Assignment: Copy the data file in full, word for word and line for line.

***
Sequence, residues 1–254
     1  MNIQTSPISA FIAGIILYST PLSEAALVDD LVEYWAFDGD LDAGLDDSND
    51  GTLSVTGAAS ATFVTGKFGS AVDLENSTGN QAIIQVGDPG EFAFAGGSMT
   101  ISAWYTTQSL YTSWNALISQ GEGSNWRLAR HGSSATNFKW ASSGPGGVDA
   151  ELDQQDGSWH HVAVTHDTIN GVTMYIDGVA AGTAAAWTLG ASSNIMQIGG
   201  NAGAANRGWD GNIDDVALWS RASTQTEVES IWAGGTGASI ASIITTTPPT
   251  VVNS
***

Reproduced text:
Sequence, residues 1–254
     1  MNIQTSPISA FIAGIILYST PLSEAALVDD LVEYWAFDGD LDAGLDDSND
    51  GTLSVTGAAS ATFVTGKFGS AVDLENSTGN QAIIQVGDPG EFAFAGGSMT
   101  ISAWYTTQSL YTSWNALISQ GEGSNWRLAR HGSSATNFKW ASSGPGGVDA
   151  ELDQQDGSWH HVAVTHDTIN GVTMYIDGVA AGTAAAWTLG ASSNIMQIGG
   201  NAGAANRGWD GNIDDVALWS RASTQTEVES IWAGGTGASI ASIITTTPPT
   251  VVNS